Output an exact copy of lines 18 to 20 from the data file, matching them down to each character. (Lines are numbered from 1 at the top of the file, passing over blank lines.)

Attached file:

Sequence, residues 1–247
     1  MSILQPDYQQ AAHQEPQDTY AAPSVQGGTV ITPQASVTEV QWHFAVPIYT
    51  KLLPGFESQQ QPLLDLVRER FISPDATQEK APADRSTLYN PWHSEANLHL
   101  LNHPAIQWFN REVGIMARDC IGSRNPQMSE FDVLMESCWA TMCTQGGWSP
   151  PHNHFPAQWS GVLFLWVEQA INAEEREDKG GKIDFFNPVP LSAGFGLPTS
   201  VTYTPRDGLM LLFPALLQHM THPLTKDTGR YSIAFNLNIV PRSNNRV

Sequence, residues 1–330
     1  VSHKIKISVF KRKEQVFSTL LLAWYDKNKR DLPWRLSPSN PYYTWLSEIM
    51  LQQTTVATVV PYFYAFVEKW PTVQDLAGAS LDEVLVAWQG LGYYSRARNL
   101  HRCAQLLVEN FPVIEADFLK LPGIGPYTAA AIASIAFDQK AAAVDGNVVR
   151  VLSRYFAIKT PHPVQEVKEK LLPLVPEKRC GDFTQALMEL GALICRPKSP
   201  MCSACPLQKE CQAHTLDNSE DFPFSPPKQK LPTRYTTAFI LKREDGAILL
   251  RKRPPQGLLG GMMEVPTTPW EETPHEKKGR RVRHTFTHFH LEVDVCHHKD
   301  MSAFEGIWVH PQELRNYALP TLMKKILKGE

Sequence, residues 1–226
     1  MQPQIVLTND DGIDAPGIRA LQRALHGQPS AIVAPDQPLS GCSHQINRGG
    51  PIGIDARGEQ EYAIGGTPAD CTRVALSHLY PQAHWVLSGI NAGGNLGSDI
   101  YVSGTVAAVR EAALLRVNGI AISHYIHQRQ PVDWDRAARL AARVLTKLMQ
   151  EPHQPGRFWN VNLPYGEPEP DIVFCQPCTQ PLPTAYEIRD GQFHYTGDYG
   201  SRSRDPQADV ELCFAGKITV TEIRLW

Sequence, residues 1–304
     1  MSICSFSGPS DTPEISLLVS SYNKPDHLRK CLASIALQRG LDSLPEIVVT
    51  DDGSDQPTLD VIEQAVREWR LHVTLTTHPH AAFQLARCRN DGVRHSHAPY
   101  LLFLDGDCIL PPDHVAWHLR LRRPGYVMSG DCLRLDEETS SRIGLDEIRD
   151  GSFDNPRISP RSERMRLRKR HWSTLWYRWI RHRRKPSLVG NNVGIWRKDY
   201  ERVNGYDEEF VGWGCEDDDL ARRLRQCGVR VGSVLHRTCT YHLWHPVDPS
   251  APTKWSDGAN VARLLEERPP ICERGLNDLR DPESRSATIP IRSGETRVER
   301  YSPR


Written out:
   101  YVSGTVAAVR EAALLRVNGI AISHYIHQRQ PVDWDRAARL AARVLTKLMQ
   151  EPHQPGRFWN VNLPYGEPEP DIVFCQPCTQ PLPTAYEIRD GQFHYTGDYG
   201  SRSRDPQADV ELCFAGKITV TEIRLW